Many DIY research tools are available to give a feeling of empowerment as far as research is concerned. These tools make it look easy to design a Q’re, but often these DIY Q’res do not fulfil the objective of the study. It surely creates Q’res and answers. Enough data points to make us feel empowered, but not providing the crucial business intelligence to really act on. Business-to-business target market is small and relationships are critical. If a valued customer or prospect receives a poorly designed survey, they’ll quite rightly question how much you really value them and their opinion.
My suggestion for the business-to-business survey is using professionals, who can build the right Q’re with a minimum number of questions providing clear objective oriented data. So let me share a few tips for anyone looking to conduct business-to-business survey themselves. But if you decide to really take the DIY approach, here are my suggestions.
An EIGHT step method is what I suggest for your B to B survey:
- Objectives of the survey must be drawn out clearly with clear priorities assigned to all
- Assign different priority to all of them. If you have 30 questions prioritise each with unique values between 1 and 30
- Mark jargon-filled and ambiguous questions. Rewrite them with jargon-free text, keeping the objectives in mind
- Remember to have very few questions in the final Q’re. My suggestion is between 5 and 20
- Decide whether telephone, online or face-to-face is the best method of delivery
- Incentivise it appropriately by offering a future discount or something even better!
- Pilot the survey among a small group of friendly clients to understand if your Q’re is fulfilling your objectives
- Validate the findings and act on them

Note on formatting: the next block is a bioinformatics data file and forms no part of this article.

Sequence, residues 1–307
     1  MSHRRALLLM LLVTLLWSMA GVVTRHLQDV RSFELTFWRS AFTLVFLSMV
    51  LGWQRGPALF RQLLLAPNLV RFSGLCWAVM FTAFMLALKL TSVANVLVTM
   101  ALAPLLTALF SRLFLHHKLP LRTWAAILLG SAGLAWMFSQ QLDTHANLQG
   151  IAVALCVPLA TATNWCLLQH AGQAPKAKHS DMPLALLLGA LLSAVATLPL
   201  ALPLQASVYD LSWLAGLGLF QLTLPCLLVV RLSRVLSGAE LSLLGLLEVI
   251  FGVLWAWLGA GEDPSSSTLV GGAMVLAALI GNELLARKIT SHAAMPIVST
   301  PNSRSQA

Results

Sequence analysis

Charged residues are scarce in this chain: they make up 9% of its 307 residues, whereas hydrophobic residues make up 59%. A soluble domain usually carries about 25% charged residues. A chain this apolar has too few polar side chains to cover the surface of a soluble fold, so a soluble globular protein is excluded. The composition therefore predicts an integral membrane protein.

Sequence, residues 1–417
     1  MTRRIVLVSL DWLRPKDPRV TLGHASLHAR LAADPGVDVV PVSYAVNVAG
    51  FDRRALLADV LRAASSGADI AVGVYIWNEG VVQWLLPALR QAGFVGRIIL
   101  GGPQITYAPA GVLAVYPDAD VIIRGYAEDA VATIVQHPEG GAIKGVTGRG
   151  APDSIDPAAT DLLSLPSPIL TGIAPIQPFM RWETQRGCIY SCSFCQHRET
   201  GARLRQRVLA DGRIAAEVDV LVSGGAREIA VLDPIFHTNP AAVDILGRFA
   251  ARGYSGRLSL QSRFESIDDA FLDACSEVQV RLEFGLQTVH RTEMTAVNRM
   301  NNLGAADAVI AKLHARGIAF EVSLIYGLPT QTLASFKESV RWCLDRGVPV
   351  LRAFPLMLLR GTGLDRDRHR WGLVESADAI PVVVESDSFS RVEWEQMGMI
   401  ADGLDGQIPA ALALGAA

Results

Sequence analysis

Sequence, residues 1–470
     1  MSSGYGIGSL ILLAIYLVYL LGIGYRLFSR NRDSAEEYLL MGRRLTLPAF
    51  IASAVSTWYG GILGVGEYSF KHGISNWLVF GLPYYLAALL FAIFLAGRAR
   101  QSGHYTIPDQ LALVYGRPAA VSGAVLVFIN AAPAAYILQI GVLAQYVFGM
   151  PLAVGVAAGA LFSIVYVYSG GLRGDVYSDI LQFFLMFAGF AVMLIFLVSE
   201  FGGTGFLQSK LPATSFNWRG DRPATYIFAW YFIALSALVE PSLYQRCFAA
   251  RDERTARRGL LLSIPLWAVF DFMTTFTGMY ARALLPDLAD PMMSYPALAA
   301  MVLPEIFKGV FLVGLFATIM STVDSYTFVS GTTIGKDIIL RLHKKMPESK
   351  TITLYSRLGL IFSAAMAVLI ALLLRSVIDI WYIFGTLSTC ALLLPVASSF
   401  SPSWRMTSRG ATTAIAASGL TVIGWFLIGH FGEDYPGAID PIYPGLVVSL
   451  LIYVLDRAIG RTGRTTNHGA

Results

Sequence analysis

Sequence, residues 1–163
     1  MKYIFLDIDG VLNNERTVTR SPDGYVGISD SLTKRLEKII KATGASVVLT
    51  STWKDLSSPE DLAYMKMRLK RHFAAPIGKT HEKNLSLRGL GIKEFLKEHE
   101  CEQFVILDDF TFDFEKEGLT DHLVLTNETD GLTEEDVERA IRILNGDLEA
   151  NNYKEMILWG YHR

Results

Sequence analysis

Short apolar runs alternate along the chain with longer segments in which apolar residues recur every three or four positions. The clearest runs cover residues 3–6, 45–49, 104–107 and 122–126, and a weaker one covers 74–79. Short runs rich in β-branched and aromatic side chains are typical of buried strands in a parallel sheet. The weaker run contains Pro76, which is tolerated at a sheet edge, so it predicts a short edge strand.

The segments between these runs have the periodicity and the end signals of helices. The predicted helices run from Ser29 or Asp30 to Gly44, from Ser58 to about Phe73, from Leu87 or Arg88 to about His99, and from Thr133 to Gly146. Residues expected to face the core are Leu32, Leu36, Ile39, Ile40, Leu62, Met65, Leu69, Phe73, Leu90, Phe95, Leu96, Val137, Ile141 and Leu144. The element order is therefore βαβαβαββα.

Few more pro-tips for writing the Q’re:
- More than 20 question survey – If a question doesn’t directly relate to your objectives or if you can’t say exactly what you’d do in response to the answer, then don’t ask it. My advice would be to aim for a survey length of around 5 – 20 questions max as business-to-business survey respondents are always short of time
- The leading survey question – Be careful that survey questions aren’t deliberately or inadvertently leading the respondent to a particular answer. Read and re-read them to check they’re not biased in any way
- The double-barrelled survey question – A question should only ask the respondent to comment on one thing so that it’s clear what their answer relates to. Check that you’re not asking respondents to feedback on multiple things with one answer option
Finally, once you have the response, check if the number is enough for making the data statistically robust and representative. By representative, I mean the distribution of the data reflects all segment of your market. Once you are satisfied with these you can start taking action on your newly found business intelligence.
Let me include a very well-designed sample Q’re. It has only 5 questions and does not include information like the name of the respondent etc. This is deliberate, as this Q’re should be delivered with identity tokens, which will record the identity of the respondent in the data automatically. Here is the link for the Q’re
Let me know what you think about this article!